Thursday, February 6, 2020
Research Paper Example as a key driver behind the phenomenal success that the company has been able to achieve in the past decade or so. Certainly, when one views Apple Inc.Ã¢â¬â¢s extensive product portfolio in the technology industry, the immediate reaction that is garnered with regards to the success of the product reflects upon the idea that the triumph of the product is only attributable to innovation and creativity. More so, one also feels that Apple Inc. has been able to stand out in the market because time and again the organization has been able to beat competitors like Microsoft and Samsung by deliberating what the customer wants and then acting upon that deliberation. However, innovation in product design and execution is not something that happens by chance and it most certainly is not one facet of organizational success. Through this article I learned that it is in fact possible for a company to base its future direction on the design of the product that appeals the market and reaches out to the customer. I believe that the crux of HeracleousÃ¢â¬â¢s analysis regarding Apple Inc.Ã¢â¬â¢s product design and associated decisions lies in emphasizing upon how the company is able to develop a convergence. As noted by the author, Ã¢â¬Å"Ã¢â¬ ¦the company has helped to accelerate the blurring of industry boundaries through the spread of devices that offer convergent technologiesÃ¢â¬ (Heracleous 3). In this segmnent of the discussion the author emphasizes upon the need to take such product design decisions that demonstrate risk and audacity through the integration of a surprise element. Many a times while conducting research that is related to operations management and enhancing the issues that are associated with process management, companies choose to ignore the minor faults in the product design itself which maybe hindering the successful execution of tasks. Discussing the matter with respect to process decision making at Apple Inc. it can be identified that the company basis its
Tuesday, January 28, 2020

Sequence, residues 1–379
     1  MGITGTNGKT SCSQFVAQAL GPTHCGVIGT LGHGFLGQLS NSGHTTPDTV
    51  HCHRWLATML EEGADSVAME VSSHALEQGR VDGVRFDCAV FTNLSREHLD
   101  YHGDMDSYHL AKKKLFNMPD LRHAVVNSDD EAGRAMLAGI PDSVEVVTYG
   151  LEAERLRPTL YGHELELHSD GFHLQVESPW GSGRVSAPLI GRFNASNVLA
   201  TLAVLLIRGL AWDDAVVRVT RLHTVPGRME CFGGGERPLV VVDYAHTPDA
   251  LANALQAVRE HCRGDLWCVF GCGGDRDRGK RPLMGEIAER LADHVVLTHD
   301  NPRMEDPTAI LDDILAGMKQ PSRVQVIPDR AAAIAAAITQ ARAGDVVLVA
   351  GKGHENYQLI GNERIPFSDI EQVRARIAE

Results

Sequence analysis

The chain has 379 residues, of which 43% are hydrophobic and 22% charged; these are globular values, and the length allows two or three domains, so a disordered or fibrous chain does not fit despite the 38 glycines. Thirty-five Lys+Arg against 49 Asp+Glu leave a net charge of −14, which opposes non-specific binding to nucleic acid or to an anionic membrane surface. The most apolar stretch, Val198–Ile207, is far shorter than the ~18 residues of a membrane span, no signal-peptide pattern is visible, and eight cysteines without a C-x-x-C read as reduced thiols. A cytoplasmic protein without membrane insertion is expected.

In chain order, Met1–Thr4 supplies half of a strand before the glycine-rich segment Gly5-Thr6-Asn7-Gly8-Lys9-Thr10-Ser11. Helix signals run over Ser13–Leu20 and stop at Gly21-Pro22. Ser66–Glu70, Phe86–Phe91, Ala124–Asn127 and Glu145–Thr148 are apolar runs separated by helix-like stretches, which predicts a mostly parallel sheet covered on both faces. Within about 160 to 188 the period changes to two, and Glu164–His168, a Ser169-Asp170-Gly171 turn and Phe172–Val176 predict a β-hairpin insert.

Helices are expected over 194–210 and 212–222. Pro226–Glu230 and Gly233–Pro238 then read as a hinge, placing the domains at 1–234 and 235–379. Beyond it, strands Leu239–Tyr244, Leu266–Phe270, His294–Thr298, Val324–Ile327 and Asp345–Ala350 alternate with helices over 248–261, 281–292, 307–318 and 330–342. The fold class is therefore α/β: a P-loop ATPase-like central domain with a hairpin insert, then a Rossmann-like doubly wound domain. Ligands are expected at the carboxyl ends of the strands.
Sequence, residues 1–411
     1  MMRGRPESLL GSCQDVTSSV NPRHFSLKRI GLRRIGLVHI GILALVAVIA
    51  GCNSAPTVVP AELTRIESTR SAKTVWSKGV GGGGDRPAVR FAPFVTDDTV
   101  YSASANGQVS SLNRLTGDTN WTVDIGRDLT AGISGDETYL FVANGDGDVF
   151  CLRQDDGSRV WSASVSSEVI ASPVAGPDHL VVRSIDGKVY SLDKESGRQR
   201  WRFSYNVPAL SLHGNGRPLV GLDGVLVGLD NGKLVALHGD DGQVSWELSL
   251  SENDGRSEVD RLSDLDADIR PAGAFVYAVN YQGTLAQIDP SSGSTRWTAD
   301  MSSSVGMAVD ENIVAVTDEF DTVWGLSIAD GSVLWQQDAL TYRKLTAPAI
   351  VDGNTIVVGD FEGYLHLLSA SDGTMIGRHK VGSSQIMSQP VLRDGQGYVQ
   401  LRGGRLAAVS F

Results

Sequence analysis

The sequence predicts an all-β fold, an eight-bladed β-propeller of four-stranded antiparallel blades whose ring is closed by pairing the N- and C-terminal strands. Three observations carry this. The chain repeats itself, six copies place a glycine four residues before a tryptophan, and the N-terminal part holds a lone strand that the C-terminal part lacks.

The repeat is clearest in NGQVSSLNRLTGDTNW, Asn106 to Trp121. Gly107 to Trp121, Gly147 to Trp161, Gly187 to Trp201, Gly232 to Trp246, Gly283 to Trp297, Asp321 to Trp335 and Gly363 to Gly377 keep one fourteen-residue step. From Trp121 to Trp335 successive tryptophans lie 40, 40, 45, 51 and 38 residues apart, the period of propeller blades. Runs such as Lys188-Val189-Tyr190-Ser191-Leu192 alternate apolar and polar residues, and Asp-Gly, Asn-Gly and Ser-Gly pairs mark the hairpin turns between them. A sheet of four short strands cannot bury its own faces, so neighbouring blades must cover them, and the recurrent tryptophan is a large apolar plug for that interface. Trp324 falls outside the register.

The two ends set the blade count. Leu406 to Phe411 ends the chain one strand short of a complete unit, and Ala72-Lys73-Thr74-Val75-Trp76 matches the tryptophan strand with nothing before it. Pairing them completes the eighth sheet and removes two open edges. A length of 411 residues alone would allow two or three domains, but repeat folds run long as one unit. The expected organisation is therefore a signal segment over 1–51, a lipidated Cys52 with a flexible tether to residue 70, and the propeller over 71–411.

Cost Behavior and Allocation Essay Analyze the complexity of cost behaviors in health care organizations and describe how costs are classified according to their relationship with volume. Health services managers are vitally interested in how costs are affected by changes in volume. Before costs can be managed, one must have an understanding of how and why costs are being incurred. For, example medications dispensed from the pharmacy are variable costs items since the more often medications are dispensed to the patient, the higher to the total medication costs (Lang, 2012). In this example the cost is driven by the prescription of the medication for the patient, which leads to dispensing the medication and incurring the cost. If the medication is not prescribed the total cost would be zero. The salary of the Director of the Pharmacy is a fixed cost, at least over the short run because that person is paid the same salary regardless of how many, or how few, prescriptions they fill. The text defines the relationship between an organizationÃ¢â¬â¢s total costs and volume as cost behavior or underlying cost structure, is used by mangers in planning, control, and decision making. The primary reason for defining and organizationÃ¢â¬â¢s underlying cost structure is to provide healthcare managers with a tool for forecasting cost and profits at different volume levels (Gapenski, 2012). The cost structure of both fixed and variable costs- that is some of the costs are expected to be volume sensitive and some are not- is typical in healthcare organizations. Total variable costs increase or decrease proportionately as volume changes, but variable cost rate remains constant as long as volume remains within the relevant range. Fixed, costs, in contrast to total variable costs, remain unchanged as the volume varies. The Academy of Healthcare Management Journal states, when attempting to improve profitability by decreasing or controlling costs, cost behavior is particularly important. If activities are limited or decreased to lower variable costs without consideration of fixed costs profits may actually decrease. In conclusion, total costs are merely the sum of the two. Because total variable costs are tied to volume, total variable costs increase as the volume increases even though fixed costs remain constant. Discuss the importance of cost allocation and how it may be leveraged by health care organizations. Cost allocation is essentially a pricing process within the organization whereby managers allocate the costs of one department to other departments. Cost allocations within healthcare organizations must establish prices that proxy those that would be set under market conditions. Costs within a health services organization must be allocated. Overhead costs of the business, such as those incurred by administrators, facilities management personnel, financial staffs, and housekeeping and maintenance personnel must be allocated to those departments that generate revenues for the organization (Gapenski, 2012). The goal of cost allocation is to assign all of the costs of an organization to the activities that cause them to be incurred. Health services managers track and assign costs by individual patient, physician, diagnosis, reimbursement contract, and so on. Much of the motivation for more accurate cost allocation systems comes from the recipients of overhead services. Mangers at all levels within health services organizations are under pressure to optimize economic performance, which translates into reducing costs. To assign costs from one activity to another, two important elements must be identified: a cost pool and a cost driver. A cost pool is a grouping of costs that must be allocated, while a cost driver is the criterion upon which the allocation is made. Clearly, the proper allocation of overhead costs is essential to good decision making within health services organizations. In conclusion, revenues must exceed the total of both fixed costs and variable costs combines in order for an organization to be profitable.